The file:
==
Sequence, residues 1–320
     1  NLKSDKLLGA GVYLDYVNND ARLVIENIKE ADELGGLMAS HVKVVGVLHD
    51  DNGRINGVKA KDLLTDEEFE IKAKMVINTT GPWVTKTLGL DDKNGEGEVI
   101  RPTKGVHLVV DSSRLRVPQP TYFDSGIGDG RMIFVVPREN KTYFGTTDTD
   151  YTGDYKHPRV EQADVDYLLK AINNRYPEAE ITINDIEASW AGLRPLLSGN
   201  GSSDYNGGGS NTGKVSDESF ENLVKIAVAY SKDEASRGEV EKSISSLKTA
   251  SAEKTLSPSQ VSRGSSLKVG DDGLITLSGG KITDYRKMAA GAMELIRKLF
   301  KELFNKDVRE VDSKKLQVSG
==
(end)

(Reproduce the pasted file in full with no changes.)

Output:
Sequence, residues 1–320
     1  NLKSDKLLGA GVYLDYVNND ARLVIENIKE ADELGGLMAS HVKVVGVLHD
    51  DNGRINGVKA KDLLTDEEFE IKAKMVINTT GPWVTKTLGL DDKNGEGEVI
   101  RPTKGVHLVV DSSRLRVPQP TYFDSGIGDG RMIFVVPREN KTYFGTTDTD
   151  YTGDYKHPRV EQADVDYLLK AINNRYPEAE ITINDIEASW AGLRPLLSGN
   201  GSSDYNGGGS NTGKVSDESF ENLVKIAVAY SKDEASRGEV EKSISSLKTA
   251  SAEKTLSPSQ VSRGSSLKVG DDGLITLSGG KITDYRKMAA GAMELIRKLF
   301  KELFNKDVRE VDSKKLQVSG